We define what it means for a tree to be a binary search tree where
all values fall into a particular range of natural numbers.
Here option nat is a type that we haven't seen before.
It's the type of optional natural numbers.
A value of that type is either None or Some n for some natural number n .
Options are inductive types that can be used via pattern matching like usual.
The other thing that might be surprising here is that we are defining a recursive function that returns logical propositions, written as Prop .
Besides the initial novelty of the idea, there's nothing different here from
writing recursive functions that return normal types.

Fixpoint
ordered' (min : nat) (max : option nat) (t : tree) {struct t} : Prop :=
match t with
 Leaf => True
 Node t1 n t2 =>
min <= n
/\ match max with
 None => True
 Some max => n <= max
end
/\ ordered' min (Some n) t1
/\ ordered' (S n) max t2
end.
We use ordered' to define what it means for a tree to be a BST in
general.

Definition
ordered (t : tree) : Prop :=
ordered' O None t.
Prove this theorem: 
Theorem
insert_ordered : forall (n : nat) (t : tree),
ordered t > ordered (insert n t).
Admitted.
Expression evaluation 
In this section, we'll define a tiny "programming language" of arithmetic expressions, write some "compiler optimizations" for it, and prove that our optimizations are sound. 
We represent variables as natural numbers. Any infinite Set would do.

Definition
var := nat.
Expressions are built from constants, variables, addition, and multiplication. 
Inductive
exp : Set :=
 Const : nat > exp
 Var : var > exp
 Plus : exp > exp > exp
 Times : exp > exp > exp.
Here's the meaning of expressions. The inputs to the fucnction are the expression to evaluate and an environment giving values to the variables. The environment is just a function from variables to natural numbers. 
Fixpoint
eval (e : exp) (ctx : var > nat) {struct e} : nat :=
match e with
 Const n => n
 Var x => ctx x
 Plus e1 e2 => eval e1 ctx + eval e2 ctx
 Times e1 e2 => eval e1 ctx * eval e2 ctx
end.
Constant folding 
Expressions may contain some pieces without variables that can be evaluated "once and for all." This is called "constant folding" in the world of compilers. 
This function implements a check to see if an expression has any opportunities for constant folding. It returns a proposition equivalent to the statement that the input expression has no more places to simplify by constant folding. 
Fixpoint
constant_folded (e : exp) : Prop :=
match e with
 Const _ => True
 Var _ => True
 Plus (Const _) (Const _) => False
 Plus e1 e2 => constant_folded e1 /\ constant_folded e2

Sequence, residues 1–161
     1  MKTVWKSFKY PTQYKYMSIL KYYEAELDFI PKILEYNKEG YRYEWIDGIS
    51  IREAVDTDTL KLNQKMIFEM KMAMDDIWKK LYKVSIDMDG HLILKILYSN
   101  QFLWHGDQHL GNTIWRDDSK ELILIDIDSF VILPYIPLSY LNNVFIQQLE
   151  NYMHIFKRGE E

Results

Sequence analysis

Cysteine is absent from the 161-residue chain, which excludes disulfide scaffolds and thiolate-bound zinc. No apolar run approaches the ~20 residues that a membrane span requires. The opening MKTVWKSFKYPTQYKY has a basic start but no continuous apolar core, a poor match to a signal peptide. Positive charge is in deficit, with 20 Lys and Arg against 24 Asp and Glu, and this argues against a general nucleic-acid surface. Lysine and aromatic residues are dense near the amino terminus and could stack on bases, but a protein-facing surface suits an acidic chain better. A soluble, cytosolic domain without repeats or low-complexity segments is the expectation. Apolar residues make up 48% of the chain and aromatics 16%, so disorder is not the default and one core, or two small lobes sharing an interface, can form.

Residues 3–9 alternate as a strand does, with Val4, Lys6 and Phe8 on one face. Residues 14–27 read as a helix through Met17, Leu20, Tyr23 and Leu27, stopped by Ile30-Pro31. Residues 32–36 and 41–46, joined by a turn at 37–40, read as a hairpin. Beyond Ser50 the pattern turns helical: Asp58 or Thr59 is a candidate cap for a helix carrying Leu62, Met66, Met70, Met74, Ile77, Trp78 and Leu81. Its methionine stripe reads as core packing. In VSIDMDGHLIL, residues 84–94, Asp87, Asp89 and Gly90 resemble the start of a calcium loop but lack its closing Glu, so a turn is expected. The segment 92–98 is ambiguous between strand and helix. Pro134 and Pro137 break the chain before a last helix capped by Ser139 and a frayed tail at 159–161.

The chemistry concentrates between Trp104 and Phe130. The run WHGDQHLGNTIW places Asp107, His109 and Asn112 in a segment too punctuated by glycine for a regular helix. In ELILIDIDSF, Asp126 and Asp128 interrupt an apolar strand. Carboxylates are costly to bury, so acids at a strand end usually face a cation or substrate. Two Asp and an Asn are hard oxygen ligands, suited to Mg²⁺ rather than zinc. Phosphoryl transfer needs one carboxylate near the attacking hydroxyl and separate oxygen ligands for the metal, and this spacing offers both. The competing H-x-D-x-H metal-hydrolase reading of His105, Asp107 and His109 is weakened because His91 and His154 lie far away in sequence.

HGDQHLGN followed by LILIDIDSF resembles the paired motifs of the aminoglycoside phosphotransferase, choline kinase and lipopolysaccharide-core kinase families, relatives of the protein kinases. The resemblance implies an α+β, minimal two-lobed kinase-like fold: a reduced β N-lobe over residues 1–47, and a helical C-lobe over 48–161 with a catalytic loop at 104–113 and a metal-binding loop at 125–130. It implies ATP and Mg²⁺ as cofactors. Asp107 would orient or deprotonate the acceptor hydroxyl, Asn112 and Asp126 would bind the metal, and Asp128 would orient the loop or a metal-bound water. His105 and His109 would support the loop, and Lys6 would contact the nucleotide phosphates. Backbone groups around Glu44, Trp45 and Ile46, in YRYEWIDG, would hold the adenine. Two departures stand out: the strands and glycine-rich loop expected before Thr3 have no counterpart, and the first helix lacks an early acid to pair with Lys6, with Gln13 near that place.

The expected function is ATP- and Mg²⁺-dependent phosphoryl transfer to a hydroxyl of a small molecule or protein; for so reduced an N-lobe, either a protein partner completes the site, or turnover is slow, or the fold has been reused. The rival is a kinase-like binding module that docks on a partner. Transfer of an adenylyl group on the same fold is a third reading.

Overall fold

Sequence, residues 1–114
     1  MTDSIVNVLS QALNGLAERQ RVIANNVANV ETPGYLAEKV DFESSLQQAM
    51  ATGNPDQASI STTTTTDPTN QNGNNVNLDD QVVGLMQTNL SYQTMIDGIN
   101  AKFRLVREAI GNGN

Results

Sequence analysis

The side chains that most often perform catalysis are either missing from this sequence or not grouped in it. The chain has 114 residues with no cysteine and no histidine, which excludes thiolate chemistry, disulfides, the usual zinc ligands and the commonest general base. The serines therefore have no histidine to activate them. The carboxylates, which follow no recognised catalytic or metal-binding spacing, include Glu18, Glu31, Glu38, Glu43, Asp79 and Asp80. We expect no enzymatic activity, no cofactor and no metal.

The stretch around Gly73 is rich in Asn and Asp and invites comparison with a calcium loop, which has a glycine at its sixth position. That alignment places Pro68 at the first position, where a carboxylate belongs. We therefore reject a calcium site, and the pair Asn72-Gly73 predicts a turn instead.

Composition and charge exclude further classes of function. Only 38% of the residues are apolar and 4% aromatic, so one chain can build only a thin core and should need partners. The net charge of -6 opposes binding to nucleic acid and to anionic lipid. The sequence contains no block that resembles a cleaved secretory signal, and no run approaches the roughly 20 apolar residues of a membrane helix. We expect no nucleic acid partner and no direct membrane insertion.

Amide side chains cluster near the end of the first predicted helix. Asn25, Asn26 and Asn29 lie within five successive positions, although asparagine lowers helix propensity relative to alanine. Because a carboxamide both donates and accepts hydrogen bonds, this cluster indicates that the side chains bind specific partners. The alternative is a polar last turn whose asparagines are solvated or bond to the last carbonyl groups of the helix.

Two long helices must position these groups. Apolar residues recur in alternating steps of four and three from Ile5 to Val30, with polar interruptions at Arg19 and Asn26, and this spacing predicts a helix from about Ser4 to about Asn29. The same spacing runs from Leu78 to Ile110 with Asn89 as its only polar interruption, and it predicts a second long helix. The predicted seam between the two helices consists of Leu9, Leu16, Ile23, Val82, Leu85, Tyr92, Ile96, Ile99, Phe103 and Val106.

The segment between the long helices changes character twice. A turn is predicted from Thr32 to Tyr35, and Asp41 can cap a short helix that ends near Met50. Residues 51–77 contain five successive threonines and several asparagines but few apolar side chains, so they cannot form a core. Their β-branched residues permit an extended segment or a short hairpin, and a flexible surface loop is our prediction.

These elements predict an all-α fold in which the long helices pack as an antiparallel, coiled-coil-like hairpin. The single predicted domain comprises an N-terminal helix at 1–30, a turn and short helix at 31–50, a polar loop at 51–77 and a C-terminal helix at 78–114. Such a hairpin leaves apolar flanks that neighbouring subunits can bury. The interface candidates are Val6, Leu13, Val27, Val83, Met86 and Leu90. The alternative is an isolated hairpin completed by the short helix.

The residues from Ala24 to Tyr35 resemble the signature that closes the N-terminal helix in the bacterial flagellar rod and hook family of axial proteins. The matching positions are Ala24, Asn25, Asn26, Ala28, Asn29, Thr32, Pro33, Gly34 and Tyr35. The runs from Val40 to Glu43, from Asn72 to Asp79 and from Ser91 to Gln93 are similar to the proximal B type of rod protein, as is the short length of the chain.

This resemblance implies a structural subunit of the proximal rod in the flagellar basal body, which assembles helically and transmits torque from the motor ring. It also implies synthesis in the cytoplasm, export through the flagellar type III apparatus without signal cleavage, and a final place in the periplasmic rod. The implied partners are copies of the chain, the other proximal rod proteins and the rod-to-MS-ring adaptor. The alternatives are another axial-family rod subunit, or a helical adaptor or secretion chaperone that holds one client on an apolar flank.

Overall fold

Times (Const _) (Const _) => False
 Times e1 e2 => constant_folded e1 /\ constant_folded e2
end.
Define a function that performs all possible constant foldings in an expression. 
Definition
constant_fold : exp > exp.
Admitted.
Prove that your function doesn't miss any opportunities to simplify. 
On this and the rest of the problems on this assignment, you'll probably
find it very helpful to use the t1; t2 and try t tactic notations
mentioned at the start of this document. Otherwise, you'll be doing a lot of
typing, since you'll probably end up with many very similar cases to consider.
A general pattern is t1; try t2; try t3; t4 , when you want to run a tactic
t1 that will generate a set of subgoals where each is solvable by at least
one of t2 , t3 , and t4 .
At the same time, it's often helpful to start proving the goal without using the semicolon notation in some places, so that you can see interactively what form the subgoals take. After you figure out the pattern and a general way of solving them with tactics, you can convert your mess of tactics into a nice single line with semicolons. 
Theorem
constant_fold_simplifies : forall (e : exp),
constant_folded (constant_fold e).
Admitted.
Prove that your function is meaningpreserving. 
Theorem
constant_fold_sound : forall (ctx : var > nat) (e : exp),
eval (constant_fold e) ctx = eval e ctx.
Admitted.
Arithmetic identities 
This section is optional. 
We would also like to simplify any additions of 0 and multiplications by 1. This function formalizes what it means for an expression not to contain any such pieces: 
Fixpoint
no_identities (e : exp) : Prop :=
match e with
 Const _ => True
 Var _ => True
 Plus (Const 0) _ => False
 Plus _ (Const 0) => False
 Plus e1 e2 => no_identities e1 /\ no_identities e2
 Times (Const 1) _ => False
 Times _ (Const 1) => False
 Times e1 e2 => no_identities e1 /\ no_identities e2
end.
Define a function for applying the identity simplification rules. 
Definition
simplify_identities : exp > exp.
Admitted.
Prove that your function doesn't miss any opportunities. 
Theorem
simplify_identities_simplifies : forall (e : exp),
no_identities (simplify_identities e).
Admitted.
Prove that your function is meaningpreserving. 
Theorem
simplify_identities_sound : forall (ctx : var > nat) (e : exp),
eval (simplify_identities e) ctx = eval e ctx.
Admitted.
OK, you're done if there are no more occurrences of "Admitted " in your
solution file and you haven't changed the specifications!